A “whole new era” for cancer treatment is upon us, according to experts. Two new studies published in the New England Journal of Medicine provide further evidence that immunotherapy – the use of drugs to stimulate immune response – is highly effective against the disease.
Recently presented at the 2015 American Society for Clinical Oncology annual meeting, one study revealed that a drug combination of ipilimumab and nivolumab (an immune therapy drug) reduced tumor size in almost 60% of individuals with advanced melanoma – the deadliest form of skin cancer – compared with ipilimumab alone, while another study found nivolumab reduced the risk of lung cancer death by more than 40%.
Nivolumab is a drug already approved by the Food and Drug Administration (FDA) for the treatment of metastatic melanoma in patients who have not responded to ipilimumab or other medications. It is also approved for the treatment of non-small cell lung cancer (NSCLC) that has metastasized during or after chemotherapy.
According to cancer experts, however, the results of these latest studies indicate that nivolumab and other immune therapy drugs could one day become standard treatment for cancer, replacing chemotherapy.
Prof. Roy Herbst, chief of medical oncology at Yale Cancer Center in New Haven, CT, believes this could happen in the next 5 years. “I think we are seeing a paradigm shift in the way oncology is being treated,” he told The Guardian. “The potential for long-term survival, effective cure, is definitely there.”
Nivolumab belongs to a class of drugs known as “checkpoint inhibitors.” It works by blocking the activation of PD-L1 and PD-1 – proteins that help cancer cells hide from immune cells, avoiding attack.
In a phase 3 trial, Dr. Rene Gonzalez, of the University of Colorado Cancer Center, and colleagues tested the effectiveness of nivolumab combined with ipilimumab – a drug that stimulates immune cells to help fight cancer – or ipilimumab alone in 945 patients with advanced melanoma (stage III or stage IV) who had received no prior treatment.
While 19% of patients who received ipilimumab alone experienced a reduction in tumor size for a period of 2.5 months, the tumors of 58% of patients who received nivolumab plus ipilimumab reduced by at least a third for almost a year.
Commenting on these findings, study co-leader Dr. James Larkin, of the Royal Marsden Hospital in the UK, told BBC News:
“By giving these drugs together you are effectively taking two brakes off the immune system rather than one, so the immune system is able to recognize tumors it wasn’t previously recognizing and react to that and destroy them.
For immunotherapies, we’ve never seen tumor shrinkage rates over 50% so that’s very significant to see. This is a treatment modality that I think is going to have a big future for the treatment of cancer.”
Dr. Gonzalez and colleagues also demonstrated the effectiveness of another immune therapy drug called pembrolizumab in patients with advanced melanoma.
While 16% of 179 patients treated with chemotherapy alone experienced no disease progression after 6 months, the team found that disease progression was halted for 36% of 361 patients treated with pembrolizumab after 6 months.
Dr. Gonzalez notes that while a combination of nivolumab and ipilimumab shows greater efficacy against advanced melanoma than pembrolizumab, it also presents greater toxicity. Around 55% of patients treated with nivolumab plus ipilimumab had severe side effects, such as fatigue and colitis, with around 36% of these patients discontinuing treatment.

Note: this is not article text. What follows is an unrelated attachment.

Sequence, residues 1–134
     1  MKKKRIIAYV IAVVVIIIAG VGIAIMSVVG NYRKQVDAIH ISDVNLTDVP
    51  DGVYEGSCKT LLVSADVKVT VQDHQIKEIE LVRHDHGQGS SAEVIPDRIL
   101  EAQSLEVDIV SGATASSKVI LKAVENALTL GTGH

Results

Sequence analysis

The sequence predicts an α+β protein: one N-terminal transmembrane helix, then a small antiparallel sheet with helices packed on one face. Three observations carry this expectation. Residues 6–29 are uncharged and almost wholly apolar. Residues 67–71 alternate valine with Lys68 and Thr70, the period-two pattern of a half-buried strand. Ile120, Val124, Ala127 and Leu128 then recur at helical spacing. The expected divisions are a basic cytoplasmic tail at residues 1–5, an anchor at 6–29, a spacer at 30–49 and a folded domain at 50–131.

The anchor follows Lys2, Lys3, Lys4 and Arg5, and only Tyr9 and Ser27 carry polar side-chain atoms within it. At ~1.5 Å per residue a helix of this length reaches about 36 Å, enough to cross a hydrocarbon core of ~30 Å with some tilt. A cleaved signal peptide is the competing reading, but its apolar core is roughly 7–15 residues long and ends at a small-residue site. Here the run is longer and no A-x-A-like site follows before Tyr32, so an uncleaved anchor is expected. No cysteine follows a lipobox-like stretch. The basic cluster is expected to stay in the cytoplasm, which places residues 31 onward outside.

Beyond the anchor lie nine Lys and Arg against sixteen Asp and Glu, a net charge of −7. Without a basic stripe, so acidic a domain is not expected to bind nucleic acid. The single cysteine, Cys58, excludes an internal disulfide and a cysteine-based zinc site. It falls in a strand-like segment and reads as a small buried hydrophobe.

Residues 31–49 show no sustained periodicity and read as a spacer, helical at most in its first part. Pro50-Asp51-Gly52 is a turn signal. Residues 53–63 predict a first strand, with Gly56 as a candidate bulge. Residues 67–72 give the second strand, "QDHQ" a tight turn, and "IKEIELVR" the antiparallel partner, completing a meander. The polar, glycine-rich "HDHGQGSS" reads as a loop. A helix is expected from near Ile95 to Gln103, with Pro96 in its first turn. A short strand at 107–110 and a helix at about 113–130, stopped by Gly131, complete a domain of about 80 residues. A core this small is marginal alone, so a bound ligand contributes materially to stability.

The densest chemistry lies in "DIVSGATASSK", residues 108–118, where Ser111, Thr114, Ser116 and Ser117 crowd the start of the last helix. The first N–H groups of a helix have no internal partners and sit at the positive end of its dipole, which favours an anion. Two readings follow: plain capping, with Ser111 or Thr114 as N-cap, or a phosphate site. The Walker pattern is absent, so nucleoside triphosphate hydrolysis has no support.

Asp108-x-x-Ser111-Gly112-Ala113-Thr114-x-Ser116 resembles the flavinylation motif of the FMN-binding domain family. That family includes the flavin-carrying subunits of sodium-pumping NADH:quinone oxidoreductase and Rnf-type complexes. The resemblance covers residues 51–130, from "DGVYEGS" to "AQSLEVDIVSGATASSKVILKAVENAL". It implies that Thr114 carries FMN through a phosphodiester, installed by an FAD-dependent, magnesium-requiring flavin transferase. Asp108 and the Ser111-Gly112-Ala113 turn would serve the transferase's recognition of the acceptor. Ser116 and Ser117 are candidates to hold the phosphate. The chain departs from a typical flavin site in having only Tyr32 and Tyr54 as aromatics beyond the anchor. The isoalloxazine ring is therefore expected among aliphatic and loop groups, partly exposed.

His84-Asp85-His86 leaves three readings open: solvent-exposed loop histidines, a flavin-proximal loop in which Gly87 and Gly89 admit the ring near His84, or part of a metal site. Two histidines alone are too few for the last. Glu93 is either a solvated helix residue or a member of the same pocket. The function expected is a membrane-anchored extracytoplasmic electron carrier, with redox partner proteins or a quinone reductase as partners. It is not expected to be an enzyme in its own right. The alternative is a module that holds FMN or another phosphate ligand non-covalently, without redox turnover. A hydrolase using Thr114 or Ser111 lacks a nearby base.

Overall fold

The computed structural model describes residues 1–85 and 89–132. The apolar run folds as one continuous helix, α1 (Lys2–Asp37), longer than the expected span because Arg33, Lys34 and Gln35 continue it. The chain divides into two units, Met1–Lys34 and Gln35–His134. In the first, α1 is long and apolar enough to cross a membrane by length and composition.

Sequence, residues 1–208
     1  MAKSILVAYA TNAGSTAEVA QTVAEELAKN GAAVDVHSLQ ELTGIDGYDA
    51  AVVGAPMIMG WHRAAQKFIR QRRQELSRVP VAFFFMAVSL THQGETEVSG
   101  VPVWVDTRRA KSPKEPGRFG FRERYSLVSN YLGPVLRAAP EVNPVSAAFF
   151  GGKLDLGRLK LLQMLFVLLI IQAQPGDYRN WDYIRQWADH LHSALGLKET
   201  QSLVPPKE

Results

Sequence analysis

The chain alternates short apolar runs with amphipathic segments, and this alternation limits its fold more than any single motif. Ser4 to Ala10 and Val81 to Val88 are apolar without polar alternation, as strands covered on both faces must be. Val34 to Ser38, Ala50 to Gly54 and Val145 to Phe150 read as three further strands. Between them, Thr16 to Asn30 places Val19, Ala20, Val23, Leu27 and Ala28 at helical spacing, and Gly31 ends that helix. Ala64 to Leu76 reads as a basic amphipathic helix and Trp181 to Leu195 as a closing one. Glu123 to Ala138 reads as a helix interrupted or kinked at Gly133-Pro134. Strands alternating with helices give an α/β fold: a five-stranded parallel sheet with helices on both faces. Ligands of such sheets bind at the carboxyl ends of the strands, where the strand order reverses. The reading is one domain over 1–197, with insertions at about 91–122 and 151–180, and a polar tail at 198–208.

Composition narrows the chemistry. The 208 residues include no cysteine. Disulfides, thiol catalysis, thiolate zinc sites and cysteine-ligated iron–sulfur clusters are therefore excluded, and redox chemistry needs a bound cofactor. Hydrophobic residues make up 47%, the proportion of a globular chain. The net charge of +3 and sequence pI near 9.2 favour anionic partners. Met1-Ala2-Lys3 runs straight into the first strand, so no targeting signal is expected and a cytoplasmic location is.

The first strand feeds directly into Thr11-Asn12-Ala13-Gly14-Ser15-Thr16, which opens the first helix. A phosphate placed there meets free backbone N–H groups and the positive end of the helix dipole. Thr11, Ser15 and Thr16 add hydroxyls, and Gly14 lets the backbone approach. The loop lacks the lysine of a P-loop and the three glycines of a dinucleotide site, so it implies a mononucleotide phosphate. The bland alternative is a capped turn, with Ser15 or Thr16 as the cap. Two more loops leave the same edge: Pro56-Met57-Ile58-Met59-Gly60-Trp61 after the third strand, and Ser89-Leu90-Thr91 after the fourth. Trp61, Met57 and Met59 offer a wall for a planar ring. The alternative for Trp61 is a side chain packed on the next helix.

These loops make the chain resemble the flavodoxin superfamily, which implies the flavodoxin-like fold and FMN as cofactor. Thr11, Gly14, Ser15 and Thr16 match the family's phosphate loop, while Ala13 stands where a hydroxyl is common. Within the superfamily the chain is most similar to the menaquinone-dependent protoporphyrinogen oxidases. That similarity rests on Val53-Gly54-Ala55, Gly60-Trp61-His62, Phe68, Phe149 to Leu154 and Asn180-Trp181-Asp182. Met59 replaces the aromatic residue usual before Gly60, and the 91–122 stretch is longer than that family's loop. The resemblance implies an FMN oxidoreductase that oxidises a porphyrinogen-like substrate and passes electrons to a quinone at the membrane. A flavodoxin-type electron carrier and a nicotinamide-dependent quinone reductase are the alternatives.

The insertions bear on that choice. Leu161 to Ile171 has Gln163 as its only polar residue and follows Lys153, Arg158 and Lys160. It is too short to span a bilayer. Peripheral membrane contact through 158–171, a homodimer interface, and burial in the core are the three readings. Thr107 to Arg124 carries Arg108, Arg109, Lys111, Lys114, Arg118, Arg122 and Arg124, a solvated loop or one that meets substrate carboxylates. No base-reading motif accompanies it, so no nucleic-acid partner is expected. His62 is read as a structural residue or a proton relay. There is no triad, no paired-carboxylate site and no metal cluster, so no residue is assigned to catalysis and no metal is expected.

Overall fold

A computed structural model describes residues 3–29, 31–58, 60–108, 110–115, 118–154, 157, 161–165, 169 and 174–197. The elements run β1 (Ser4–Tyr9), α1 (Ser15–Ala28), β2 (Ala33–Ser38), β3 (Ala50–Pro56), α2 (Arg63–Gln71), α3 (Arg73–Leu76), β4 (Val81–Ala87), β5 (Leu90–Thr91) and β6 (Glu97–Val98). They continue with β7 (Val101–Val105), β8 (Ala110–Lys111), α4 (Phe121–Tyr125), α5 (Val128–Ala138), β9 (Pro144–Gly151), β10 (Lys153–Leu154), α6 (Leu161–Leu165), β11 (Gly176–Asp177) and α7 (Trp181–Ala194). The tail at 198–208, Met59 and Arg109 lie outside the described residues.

Dr. Gonzalez says such treatment may be better for patients whose cancer does not involve overexpression of the PD-L1 protein.
“Maybe PDL1-negative patients will benefit most from the combination, whereas PDL1-positive patients could use a drug targeting that protein with equal efficacy and less toxicity,” he adds. “In metastatic melanoma, all patients and not just those who are PD-L1-positive may benefit from pembrolizumab.”
In another study, Dr. Julie Brahmer, director of the Thoracic Oncology Program at the Johns Hopkins Kimmel Cancer Center, and colleagues tested the effectiveness of nivolumab against standard chemotherapy with the drug docetaxel among 260 patients with NSCLC.
All patients had been treated for the disease previously, but the cancer had returned and spread.
The team found that patients who received nivolumab had longer overall survival than those treated with standard chemotherapy, at 9.2 months versus 6 months.
At 1 year after treatment, the researchers found nivolumab almost doubled patient survival. Around 42% of patients who received nivolumab were alive after 1 year, compared with only 24% of patients who received chemotherapy.
The study results also demonstrated a longer period of halted disease progression for patients who received nivolumab compared with those who had chemotherapy, at 3.5 months versus 2.8 months.
Overall, the researchers estimated that, compared with patients who received chemotherapy, those who received nivolumab were at 41% lower risk of death from NSCLC.
Commenting on these findings, Dr. Brahmer says:
“This solidifies immunotherapy as a treatment option in lung cancer. In the 20 years that I’ve been in practice, I consider this a major milestone.”
While both studies show promise for the use of immunotherapy in cancer treatment, experts note that such treatment would be expensive. The use of nivolumab plus ipilimumab for the treatment of advanced melanoma, for example, would cost at least $200,000 per patient.
As such, researchers say it is important that future research determines which cancer patients would be most likely to benefit from immunotherapy.
Medical News Today recently reported on a study conducted by investigators from Cancer Research UK, which reveals a class of drugs called AKT inhibitors may boost the effect of radiotherapy against various cancers, including breast, kidney, melanoma and brain cancers.